1.Everyone shall possess the right to freely express and publicise his thoughts in words, images or by any other means, as well as the right to inform others, inform himself and be informed without hindrance or discrimination 2.Exercise of the said rights shall not be hindered or limited by any type or form of censorship Constitution of the Portuguese Republic, Article 37.º

McCann: Poll for British expatriates resident in the Algarve

One year on
A survey conducted Wednesday by The Portugal News among British expatriates resident in the Algarve has uncovered some surprising findings regarding the Madeleine McCann case.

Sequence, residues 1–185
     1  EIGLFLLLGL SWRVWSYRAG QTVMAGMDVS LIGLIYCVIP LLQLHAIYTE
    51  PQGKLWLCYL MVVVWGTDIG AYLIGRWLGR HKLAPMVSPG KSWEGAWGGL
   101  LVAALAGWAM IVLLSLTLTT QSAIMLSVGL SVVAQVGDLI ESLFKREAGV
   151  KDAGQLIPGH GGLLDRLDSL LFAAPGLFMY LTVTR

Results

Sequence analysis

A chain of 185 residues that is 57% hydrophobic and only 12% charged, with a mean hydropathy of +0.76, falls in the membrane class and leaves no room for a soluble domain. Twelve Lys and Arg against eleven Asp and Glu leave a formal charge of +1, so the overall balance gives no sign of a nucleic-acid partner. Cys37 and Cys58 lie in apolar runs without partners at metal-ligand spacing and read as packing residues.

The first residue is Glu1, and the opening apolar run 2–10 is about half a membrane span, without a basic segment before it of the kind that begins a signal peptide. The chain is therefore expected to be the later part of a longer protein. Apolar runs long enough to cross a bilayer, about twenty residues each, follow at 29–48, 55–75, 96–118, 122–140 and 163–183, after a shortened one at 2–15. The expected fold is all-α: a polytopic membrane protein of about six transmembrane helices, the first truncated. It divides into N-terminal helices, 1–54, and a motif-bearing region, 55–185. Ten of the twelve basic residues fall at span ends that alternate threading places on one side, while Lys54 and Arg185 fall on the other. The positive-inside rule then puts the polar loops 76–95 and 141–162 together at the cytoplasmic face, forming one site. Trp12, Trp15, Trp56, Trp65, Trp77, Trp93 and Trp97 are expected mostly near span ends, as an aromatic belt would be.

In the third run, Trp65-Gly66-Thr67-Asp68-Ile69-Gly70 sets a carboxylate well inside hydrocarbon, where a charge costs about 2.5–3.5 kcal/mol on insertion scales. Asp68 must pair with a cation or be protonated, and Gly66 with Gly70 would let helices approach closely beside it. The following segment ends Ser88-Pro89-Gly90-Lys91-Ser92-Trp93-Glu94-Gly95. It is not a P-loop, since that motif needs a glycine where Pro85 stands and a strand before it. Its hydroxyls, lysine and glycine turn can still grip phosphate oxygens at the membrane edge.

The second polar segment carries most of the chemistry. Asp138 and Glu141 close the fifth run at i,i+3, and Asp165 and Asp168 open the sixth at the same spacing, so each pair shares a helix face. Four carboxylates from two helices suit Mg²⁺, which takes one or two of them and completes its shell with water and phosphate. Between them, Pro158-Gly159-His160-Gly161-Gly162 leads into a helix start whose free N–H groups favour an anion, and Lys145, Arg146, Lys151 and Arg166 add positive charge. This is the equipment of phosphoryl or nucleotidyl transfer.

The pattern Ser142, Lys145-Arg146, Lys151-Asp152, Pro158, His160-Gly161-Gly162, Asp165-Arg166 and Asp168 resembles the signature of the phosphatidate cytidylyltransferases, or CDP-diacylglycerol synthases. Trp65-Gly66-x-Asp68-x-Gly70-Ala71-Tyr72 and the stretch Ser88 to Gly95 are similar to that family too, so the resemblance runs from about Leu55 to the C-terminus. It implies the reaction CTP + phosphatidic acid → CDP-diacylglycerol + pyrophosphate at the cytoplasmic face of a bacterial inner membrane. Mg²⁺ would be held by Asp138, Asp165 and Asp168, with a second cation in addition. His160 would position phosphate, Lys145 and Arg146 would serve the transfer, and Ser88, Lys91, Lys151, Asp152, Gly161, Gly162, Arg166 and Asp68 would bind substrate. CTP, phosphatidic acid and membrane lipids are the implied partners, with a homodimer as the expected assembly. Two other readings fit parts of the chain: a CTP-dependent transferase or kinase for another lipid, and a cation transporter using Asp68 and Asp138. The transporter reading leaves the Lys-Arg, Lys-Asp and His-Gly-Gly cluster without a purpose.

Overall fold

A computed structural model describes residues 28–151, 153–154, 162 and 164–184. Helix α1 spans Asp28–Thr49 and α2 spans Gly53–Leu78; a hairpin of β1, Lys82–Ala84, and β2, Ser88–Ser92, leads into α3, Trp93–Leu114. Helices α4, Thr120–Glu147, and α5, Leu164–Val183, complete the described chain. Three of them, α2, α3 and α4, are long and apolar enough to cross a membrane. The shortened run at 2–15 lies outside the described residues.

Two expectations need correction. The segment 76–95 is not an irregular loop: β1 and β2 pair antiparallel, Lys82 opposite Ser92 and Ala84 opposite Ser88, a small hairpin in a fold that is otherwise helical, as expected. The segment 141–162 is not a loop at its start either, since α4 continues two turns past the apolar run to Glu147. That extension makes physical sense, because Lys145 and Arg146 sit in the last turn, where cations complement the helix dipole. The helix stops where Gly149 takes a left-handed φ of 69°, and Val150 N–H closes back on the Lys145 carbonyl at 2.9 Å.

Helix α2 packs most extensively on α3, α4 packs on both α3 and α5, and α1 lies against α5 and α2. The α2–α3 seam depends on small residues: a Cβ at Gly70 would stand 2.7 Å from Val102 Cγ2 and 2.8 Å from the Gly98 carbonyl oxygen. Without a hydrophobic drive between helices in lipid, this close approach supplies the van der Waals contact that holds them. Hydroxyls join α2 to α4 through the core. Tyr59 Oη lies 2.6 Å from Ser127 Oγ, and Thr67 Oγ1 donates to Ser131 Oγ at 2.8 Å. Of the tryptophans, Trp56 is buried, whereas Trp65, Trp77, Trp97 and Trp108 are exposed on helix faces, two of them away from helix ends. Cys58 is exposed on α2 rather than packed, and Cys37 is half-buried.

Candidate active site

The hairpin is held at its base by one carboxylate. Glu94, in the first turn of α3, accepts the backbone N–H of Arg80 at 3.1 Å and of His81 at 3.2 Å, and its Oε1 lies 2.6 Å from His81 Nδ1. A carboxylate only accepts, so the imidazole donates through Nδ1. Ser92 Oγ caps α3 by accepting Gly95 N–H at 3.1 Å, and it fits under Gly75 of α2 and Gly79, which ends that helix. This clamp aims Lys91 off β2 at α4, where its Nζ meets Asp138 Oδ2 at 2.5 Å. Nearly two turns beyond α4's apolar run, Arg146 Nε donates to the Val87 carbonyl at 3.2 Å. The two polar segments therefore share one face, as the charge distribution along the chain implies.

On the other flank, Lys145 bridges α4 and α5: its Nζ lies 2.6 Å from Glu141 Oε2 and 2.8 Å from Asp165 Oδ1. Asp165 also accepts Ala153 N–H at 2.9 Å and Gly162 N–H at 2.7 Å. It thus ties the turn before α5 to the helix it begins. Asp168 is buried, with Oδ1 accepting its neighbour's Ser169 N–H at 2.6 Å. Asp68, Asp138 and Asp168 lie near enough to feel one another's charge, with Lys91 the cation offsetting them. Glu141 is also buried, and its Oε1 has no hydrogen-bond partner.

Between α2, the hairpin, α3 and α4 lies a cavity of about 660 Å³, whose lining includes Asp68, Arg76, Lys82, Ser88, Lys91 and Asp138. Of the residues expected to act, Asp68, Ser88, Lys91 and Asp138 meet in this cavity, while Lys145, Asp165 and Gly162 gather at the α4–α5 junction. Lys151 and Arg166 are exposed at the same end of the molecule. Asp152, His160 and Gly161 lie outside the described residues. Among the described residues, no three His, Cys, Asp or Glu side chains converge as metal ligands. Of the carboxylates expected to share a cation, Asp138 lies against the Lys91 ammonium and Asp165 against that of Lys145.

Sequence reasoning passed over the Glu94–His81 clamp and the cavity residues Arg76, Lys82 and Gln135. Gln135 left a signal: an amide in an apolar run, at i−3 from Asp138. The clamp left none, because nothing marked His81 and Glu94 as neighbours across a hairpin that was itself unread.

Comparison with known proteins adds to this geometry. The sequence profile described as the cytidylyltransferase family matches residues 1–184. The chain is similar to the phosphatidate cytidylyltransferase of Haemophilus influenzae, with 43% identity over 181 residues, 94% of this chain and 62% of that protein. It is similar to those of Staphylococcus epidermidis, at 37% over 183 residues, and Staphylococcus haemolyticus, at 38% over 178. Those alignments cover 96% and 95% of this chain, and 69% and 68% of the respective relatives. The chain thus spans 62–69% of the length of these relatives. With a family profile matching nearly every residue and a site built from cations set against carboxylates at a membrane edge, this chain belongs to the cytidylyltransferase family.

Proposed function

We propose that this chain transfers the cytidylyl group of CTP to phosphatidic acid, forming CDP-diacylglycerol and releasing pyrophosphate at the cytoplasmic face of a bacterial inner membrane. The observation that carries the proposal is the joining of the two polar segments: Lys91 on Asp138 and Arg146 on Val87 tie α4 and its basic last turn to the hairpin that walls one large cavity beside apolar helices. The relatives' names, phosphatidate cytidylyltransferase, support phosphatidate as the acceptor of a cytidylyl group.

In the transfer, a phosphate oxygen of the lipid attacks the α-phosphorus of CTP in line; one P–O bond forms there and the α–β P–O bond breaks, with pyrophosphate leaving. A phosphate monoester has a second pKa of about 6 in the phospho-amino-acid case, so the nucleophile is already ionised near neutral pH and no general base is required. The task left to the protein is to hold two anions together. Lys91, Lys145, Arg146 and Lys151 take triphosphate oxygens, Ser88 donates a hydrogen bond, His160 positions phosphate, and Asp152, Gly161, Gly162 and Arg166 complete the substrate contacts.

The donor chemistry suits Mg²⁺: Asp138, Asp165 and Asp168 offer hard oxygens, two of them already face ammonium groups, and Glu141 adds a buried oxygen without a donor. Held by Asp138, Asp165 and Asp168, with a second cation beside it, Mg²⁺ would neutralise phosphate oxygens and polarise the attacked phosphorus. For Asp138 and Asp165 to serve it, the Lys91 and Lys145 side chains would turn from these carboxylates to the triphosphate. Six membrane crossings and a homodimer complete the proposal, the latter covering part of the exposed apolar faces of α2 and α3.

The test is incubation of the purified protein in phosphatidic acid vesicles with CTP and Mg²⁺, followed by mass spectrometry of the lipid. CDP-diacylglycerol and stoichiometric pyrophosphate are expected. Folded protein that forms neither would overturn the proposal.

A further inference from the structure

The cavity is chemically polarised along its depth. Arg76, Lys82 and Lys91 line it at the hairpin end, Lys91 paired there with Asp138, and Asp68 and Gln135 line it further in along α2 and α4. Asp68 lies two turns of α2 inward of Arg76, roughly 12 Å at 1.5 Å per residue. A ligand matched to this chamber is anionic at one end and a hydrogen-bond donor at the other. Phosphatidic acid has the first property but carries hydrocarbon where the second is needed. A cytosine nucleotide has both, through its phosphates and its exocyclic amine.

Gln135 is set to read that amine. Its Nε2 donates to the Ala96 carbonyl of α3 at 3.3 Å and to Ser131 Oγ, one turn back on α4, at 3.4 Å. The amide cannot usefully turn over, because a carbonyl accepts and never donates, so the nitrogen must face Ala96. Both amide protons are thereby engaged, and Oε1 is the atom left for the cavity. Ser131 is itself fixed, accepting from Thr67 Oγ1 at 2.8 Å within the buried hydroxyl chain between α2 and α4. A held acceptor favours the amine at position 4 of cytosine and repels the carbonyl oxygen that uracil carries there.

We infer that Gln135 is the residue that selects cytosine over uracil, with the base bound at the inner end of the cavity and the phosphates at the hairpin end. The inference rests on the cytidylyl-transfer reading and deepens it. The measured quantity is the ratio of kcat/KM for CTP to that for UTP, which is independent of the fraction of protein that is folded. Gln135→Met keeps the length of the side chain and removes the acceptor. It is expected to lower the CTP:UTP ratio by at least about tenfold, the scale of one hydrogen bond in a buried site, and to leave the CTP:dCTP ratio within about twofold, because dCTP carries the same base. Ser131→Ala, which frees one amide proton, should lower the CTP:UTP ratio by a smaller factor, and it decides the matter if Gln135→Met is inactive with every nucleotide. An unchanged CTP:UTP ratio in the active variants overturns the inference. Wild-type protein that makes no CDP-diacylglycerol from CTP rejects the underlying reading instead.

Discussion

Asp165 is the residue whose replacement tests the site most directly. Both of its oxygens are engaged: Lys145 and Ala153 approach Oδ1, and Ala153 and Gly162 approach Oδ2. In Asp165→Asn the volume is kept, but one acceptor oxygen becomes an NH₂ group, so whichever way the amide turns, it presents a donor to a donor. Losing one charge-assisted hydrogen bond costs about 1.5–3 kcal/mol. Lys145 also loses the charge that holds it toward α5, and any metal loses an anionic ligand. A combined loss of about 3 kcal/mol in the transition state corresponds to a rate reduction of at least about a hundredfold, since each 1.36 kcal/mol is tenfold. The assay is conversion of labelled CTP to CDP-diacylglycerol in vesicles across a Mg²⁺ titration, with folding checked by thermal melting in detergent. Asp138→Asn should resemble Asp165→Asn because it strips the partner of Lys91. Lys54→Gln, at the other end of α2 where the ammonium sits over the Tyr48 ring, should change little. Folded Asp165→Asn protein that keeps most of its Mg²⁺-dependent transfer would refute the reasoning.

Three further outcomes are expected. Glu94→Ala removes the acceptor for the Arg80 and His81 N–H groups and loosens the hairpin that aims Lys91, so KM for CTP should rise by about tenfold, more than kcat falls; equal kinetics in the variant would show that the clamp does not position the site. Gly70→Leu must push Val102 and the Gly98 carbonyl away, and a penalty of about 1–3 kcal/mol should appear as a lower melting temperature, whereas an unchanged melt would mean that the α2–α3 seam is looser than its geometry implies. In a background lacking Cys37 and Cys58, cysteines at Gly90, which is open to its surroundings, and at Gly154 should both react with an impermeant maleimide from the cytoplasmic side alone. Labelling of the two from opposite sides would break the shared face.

1. Do you believe the Portuguese police, given the circumstances, handled investigations well into the disappearance of Madeleine McCann?
Yes = 67.33 %
No = 32.67 %

2. Do you believe Kate and Gerry McCann could have been involved in the disappearance of their daughter?
Yes = 46.53 %
No = 53.47 %

3. Do you think the British media has been fair to the Portuguese police in its reporting of the Madeleine McCann case?
Yes = 22.22 %
No = 77.78 %

A survey conducted Wednesday by The Portugal News among British expatriates resident in the Algarve has uncovered some surprising findings. While most believed that Portuguese police had handled the case well, little more than half felt Kate and Gerry McCann had in no way been responsible for their daughter’s disappearance. However, almost four in five respondents were critical of the British media, believing they had been unfair to the Portuguese police in their reporting of the case.

This Saturday marks a year since the mysterious disappearance of Madeleine McCann. Much has changed since May 3rd 2007, most notably, the shift away from the village of Praia da Luz.